Also when you plugged your speaker to your headphone amp, was the volume loud enough?


Edited by imeem - 7/22/14 at 5:46am
post #7 of 11
Thread Starter 
Quote:

Originally Posted by imeem View Post

 

Also when you plugged your speaker to your headphone amp, was the volume loud enough?

 

Yes it was

 

and man sorry but im a bit of a noob 
i dont realy understand everything going on in those pictures you linked

 

i just want something that can make my 5.1 speakers work without buzzing and is relatively cheap T_T (<$100 if at all possible)

 

post #8 of 11

if you have a receiver like in the last picture (which is most receivers), your speakers will not work because it doesn't use the same wiring; it does not use RCA to output to speakers, it uses plain speaker wires. This was why i said receivers won't work with your speakers. If you have the receiver in the first picture, it may work but according to the manual, it's not meant for connecting to speakers directly : http://download.yamaha.com/api/asset/file/?language=en&site=usa.yamaha.com&asset_id=62158 page 31

post #9 of 11
Unfortunately, they don't seem to make their manual available online, so my question is - what gets plugged into the sub? Need to figure out if that box is the power amplifier or just a pre. 
 
But from what I can tell, the setup as it's 'supposed to' work is that you have passive speakers powered by an amp that inexplicably uses RCA cables to send the amplified signal to the speakers. If this is true, you do not want anything that is feeding a line-level (pre-out) signal to those speakers. Thus, your original plan would not work (just decodes the surround signal and splits it into line level outputs), and the pre-outs from something like the RX-V777BT would be pointless. If you like those speakers, and want to invest in an AVR to power them, you'd simply terminate some speaker cable in RCA connectors on one end. Or, if you're not going to be using the original amp ever again, chop the connectors off of one end of the original cables. Either leave them as bare wire threaded through the hole in a five-way, or slap on some banana plugs.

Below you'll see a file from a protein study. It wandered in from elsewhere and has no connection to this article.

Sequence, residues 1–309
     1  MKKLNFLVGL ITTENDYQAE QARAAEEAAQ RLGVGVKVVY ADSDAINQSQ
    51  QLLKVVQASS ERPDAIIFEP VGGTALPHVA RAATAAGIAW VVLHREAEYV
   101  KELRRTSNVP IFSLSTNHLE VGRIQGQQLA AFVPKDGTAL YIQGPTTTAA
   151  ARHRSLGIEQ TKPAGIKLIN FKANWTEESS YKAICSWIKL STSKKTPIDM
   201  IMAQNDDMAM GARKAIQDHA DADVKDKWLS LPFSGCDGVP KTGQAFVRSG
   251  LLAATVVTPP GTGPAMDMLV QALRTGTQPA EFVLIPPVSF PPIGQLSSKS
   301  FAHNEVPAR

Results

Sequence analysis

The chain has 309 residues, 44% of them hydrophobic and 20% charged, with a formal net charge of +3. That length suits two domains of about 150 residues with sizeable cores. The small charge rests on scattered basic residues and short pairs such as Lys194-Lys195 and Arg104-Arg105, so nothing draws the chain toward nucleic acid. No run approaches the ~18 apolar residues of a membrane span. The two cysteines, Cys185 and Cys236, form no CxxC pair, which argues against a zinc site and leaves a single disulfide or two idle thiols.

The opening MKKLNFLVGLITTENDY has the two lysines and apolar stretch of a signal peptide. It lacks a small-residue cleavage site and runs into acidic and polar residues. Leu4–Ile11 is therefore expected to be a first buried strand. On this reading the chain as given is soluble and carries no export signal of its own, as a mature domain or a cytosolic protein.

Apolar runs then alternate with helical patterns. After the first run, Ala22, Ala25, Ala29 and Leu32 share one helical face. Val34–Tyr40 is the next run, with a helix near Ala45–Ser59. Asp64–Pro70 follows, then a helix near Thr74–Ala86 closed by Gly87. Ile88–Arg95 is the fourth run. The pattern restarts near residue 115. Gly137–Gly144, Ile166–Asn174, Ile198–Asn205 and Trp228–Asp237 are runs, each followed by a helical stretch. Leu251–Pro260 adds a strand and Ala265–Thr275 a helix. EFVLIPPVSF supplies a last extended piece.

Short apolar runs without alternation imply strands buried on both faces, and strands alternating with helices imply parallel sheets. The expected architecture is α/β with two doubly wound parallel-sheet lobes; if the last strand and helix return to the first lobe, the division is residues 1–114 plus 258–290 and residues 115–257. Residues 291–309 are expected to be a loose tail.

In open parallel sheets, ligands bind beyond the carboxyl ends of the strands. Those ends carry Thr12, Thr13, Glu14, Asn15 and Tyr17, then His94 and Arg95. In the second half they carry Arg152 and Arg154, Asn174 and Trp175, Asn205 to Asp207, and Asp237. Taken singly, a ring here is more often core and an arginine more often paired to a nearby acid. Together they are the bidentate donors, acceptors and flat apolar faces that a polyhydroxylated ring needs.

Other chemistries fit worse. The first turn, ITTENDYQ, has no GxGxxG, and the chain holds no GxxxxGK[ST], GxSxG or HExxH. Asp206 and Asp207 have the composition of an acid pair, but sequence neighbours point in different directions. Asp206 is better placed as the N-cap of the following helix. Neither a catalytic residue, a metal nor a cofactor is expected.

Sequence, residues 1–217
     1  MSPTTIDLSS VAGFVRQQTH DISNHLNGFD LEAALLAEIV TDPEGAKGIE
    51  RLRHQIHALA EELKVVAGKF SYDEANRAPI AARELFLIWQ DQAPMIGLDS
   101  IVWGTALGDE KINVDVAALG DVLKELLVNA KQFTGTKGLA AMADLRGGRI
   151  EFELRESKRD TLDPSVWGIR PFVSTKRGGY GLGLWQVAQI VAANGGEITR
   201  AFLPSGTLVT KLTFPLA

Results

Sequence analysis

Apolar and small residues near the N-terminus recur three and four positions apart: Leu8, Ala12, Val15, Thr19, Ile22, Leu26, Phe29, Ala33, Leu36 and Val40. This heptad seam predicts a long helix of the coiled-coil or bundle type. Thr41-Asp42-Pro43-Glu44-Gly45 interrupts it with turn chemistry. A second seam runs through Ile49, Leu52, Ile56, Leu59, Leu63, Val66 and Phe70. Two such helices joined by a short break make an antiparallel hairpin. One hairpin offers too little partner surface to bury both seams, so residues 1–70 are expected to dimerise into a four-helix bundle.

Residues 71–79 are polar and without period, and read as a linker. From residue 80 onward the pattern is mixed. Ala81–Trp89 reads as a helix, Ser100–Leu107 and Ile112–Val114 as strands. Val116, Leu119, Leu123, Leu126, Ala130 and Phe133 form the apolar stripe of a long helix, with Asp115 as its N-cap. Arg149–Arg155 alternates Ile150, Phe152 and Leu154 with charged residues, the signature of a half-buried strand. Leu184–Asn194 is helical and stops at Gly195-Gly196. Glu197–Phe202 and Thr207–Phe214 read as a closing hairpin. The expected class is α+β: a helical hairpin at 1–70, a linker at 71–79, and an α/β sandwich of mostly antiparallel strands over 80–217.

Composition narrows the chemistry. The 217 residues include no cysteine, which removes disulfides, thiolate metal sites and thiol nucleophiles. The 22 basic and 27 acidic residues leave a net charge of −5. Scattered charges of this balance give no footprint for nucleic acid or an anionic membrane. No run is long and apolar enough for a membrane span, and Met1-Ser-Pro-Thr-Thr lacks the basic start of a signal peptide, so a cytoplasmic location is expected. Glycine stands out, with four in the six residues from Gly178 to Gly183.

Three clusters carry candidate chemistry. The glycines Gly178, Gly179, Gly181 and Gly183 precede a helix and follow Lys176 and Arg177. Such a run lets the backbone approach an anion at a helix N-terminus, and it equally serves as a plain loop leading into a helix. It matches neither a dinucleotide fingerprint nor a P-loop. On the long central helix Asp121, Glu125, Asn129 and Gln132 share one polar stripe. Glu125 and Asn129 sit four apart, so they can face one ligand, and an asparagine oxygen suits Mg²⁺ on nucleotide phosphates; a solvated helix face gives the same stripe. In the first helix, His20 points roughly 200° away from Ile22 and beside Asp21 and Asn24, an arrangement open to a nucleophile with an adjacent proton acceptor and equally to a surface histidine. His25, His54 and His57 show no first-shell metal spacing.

A better idea of how everything originally connected (particularly with respect to the sub) would be good to know though.
post #10 of 11
Quote:
Originally Posted by brhfl View Post
 

manual for OP's speaker: http://www.microlab.cn/UploadFiles/20091112224823811.pdf

post #11 of 11
Quote:
Originally Posted by imeem View Post
 

manual for OP's speaker: http://www.microlab.cn/UploadFiles/20091112224823811.pdf

Huh, I swear I looked!

Well, anyway, it looks like they are indeed just passive speakers that (again, inexplicably) use RCA terminations on the speaker cable. So connecting them to an AVR should be a simple matter of having cable terminated in RCA plugs on one side and banana plugs (or bare wire, or lugs, or whatever) on the other. Using pre-outs or other line-level outputs (as in OP's original plan) won't work, if the whole plan is to bypass the original amp. This is precisely the reason it's such a bizarre choice to use RCA jacks for speaker terminals...